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6 April 2022, 15:02 | Updated: 8 April 2022, 15:16
One of Russia’s most famous composers once called Trostyanets home. Now the city lies in ruin.
Trostyanets is a city in the north-east of Ukraine, which once played host to Russian composer, Pyotr Ilyich Tchaikovsky.
Aged 24, the famed 19th-century Romantic composer stayed in a villa in the city of Trostyanets, then a part of the Russian Empire. It was here he composed his first symphonic work - the overture ‘The Storm’ (1864).
The villa, like the rest of Trostyanets, now lies in ruin following the capture of the city on 1 March 2022 during the Russian invasion of Ukraine.
After a month of occupation, where civilians were reportedly killed by Russian hand grenades, Ukrainian forces used heavy shelling to gain back control of Trostyanets.
Though the Russian army have now left after a brutal month, reminders of their occupation can be seen everywhere; buildings – including the villa – have been destroyed, and the letter ‘Z’ has been graffitied on ruins and cars across the city.
Since the invasion began in February, food and water have become dangerously scarce in Trostyanets, which has a population of 25,000.
Residents now have to line up in front of the Tchaikovsky Music School for Children, next to the museum of the same name, in order to collect food.
During the first days of the Russian invasion, the concert hall at the Tchaikovsky Music School for Children was used to register Ukrainian volunteers for the Territorial Defense Forces.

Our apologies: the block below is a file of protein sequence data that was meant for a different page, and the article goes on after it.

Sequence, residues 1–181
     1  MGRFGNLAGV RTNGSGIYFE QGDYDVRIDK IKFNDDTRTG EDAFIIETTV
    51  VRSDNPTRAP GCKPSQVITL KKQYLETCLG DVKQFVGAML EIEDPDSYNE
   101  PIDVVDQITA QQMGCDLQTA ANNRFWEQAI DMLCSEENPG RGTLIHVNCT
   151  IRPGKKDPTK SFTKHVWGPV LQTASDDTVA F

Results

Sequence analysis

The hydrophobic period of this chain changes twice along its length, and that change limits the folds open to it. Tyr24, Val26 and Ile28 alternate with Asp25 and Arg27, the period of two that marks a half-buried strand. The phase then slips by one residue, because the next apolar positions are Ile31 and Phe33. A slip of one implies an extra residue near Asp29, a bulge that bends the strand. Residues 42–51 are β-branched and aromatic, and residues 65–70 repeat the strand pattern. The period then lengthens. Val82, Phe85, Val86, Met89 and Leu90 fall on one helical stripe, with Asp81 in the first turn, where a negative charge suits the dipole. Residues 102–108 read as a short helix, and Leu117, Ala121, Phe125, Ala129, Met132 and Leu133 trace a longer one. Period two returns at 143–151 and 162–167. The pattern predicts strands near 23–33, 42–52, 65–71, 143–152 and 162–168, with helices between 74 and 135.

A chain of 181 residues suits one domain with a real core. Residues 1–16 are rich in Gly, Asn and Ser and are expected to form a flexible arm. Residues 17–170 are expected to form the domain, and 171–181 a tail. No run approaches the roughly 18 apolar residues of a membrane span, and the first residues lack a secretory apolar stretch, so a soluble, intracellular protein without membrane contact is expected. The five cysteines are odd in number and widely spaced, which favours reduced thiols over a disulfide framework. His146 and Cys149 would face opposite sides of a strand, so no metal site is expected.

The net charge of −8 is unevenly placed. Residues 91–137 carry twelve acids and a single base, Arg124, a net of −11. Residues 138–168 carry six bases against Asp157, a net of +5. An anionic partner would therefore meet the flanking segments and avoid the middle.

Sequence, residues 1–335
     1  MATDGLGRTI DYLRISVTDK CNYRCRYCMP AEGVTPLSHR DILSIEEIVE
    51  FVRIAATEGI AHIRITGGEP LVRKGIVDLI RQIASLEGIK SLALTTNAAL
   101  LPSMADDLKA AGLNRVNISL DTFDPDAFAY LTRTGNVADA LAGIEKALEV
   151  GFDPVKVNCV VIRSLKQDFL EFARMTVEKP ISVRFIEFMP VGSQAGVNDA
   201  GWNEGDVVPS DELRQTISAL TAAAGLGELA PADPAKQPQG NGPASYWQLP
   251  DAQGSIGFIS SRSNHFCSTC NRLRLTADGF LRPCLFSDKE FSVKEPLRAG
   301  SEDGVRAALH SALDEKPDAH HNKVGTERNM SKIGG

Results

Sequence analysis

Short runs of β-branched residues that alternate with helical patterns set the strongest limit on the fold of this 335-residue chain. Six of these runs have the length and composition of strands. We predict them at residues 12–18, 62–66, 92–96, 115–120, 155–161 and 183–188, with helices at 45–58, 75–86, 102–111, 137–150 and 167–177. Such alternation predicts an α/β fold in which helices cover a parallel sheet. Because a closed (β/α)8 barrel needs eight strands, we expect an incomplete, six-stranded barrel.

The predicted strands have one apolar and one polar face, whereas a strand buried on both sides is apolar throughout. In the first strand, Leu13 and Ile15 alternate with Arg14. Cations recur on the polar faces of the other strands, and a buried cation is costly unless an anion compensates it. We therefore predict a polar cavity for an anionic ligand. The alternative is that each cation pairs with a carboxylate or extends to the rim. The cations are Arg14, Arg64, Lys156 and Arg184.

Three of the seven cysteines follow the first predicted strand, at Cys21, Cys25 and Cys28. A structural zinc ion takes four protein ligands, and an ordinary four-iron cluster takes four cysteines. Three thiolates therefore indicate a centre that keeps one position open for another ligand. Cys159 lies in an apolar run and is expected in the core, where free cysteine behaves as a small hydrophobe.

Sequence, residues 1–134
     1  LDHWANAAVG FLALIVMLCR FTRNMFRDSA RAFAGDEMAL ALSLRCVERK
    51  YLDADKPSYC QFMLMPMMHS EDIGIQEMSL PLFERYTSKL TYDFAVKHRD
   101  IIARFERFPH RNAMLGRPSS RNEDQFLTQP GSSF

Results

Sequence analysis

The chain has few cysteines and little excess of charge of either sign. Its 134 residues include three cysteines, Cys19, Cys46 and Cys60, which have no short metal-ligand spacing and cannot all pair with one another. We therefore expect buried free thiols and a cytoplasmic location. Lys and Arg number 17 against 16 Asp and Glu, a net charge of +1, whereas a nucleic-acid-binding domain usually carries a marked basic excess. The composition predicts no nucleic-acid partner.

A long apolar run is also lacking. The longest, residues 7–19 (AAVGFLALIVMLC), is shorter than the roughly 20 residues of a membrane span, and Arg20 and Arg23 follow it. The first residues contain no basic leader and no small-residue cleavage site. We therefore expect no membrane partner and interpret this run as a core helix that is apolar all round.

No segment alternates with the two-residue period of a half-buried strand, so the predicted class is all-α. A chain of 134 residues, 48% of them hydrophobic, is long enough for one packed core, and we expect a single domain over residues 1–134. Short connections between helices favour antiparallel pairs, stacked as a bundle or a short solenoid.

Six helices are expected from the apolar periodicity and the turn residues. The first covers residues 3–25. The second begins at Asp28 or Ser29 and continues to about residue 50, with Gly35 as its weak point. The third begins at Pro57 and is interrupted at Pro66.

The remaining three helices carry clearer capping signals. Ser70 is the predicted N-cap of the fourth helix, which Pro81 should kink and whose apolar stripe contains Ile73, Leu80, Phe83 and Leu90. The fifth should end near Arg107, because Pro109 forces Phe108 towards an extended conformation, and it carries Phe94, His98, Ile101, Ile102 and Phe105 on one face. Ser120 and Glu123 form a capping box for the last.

While waiting in line to collect food, citizens spotted reporters from international outlets in their city and ran to them. A cacophony of testimonies were given all at once to the reporters.
“They smashed my place up.” “They stole everything, even my underwear.” “They killed a guy on my street.” “The f*****s stole my laptop and my aftershave.”
The mayor of Trostyanets has said it is too early to give an estimate as to how many of his city’s citizens were killed.
Civilians in Trostyanets were reportedly targeted by hand grenades when they protested Russian occupation, which killed two.
Due to the harrowing testimonies from the city’s residents, and other parts of Ukraine, on Monday the President of the European Commission, Ursula von der Leyen, backed an investigation into reported Russian war crimes in the country.
After a call with Ukraine’s President Volodymyr Zelenskyy, von der Leyen said that EU investigators will help Kyiv to probe reports from Ukrainian officials and NGOs that Russian forces massacred and sexually assaulted civilians in towns near the Ukrainian capital.